Foraging behavior of nectarivores and pollen collectors

Keith D. Waddington

Research output: Contribution to journalArticlepeer-review

9 Scopus citations


Pollinators' behavior prior to 1970 was studied by botanists primarily interested in plant reproduction and floral biology. Now for 25 years animal behaviorists have worked as, or with, pollination biologists, using a range of behavioral techniques and models, to dissect and understand pollinator foraging behavior. Foragers must make decisions and choose among flowers on each departure from a flower. The choice may be of which flower to visit on the same plant or a flower of the same or different species. My work has focused on how foragers acquire information about floral characteristics and cost-gain associations, the internal representation of this information, and how the representation is used to make choices. This foraging process is illustrated through 1) studies of honey bees' subjective evaluations of costs and gains and 2) studies of choice behavior based on expected intakes of food and variation in nectar volume and concentration (risk-sensitive foraging behavior). I will focus also on the neglected area of genetically based variation in foraging behavior. In honey bees, nearly all aspects of foraging behavior studied thus far, including perception of and preferences for pollen and nectar, have a genetic component. Studies of the relationships between information available in the environment (floral color and scent, nectar distribution), mechanisms which underlie assessment of the information (perception, learning), resulting choice behavior, and the genetic contribution to these will further our understanding of pollinator behavior and its evolution.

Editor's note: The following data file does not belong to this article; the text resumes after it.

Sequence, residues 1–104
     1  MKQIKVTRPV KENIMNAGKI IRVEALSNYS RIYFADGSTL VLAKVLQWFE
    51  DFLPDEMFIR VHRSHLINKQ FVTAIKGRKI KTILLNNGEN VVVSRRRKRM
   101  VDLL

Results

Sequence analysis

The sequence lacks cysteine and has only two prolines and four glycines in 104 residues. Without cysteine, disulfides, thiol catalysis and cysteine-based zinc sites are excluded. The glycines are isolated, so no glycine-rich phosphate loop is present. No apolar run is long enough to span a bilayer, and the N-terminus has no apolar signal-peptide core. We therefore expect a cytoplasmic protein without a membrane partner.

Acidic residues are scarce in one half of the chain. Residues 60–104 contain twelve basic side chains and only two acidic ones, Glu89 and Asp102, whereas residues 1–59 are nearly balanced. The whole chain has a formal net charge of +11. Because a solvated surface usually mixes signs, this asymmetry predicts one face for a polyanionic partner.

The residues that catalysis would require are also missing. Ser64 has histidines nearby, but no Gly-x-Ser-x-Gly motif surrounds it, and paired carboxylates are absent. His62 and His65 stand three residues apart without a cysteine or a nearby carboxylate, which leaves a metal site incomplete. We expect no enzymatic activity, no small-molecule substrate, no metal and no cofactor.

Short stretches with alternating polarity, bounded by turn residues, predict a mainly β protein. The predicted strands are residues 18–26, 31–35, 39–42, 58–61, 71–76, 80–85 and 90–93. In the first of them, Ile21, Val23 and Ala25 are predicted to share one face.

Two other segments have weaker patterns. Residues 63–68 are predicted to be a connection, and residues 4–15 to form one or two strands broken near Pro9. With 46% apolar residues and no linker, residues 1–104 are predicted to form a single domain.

Original languageEnglish (US)
Pages (from-to)175-191
Number of pages17
JournalActa Horticulturae
StatePublished - Jan 1 1997


  • Bumblebee
  • Choice-behavior
  • Dance language
  • Foraging behavior
  • Honey bee
  • Risk-sensitivity
  • Subjective evaluation

ASJC Scopus subject areas

  • Horticulture


Dive into the research topics of 'Foraging behavior of nectarivores and pollen collectors'. Together they form a unique fingerprint.

Cite this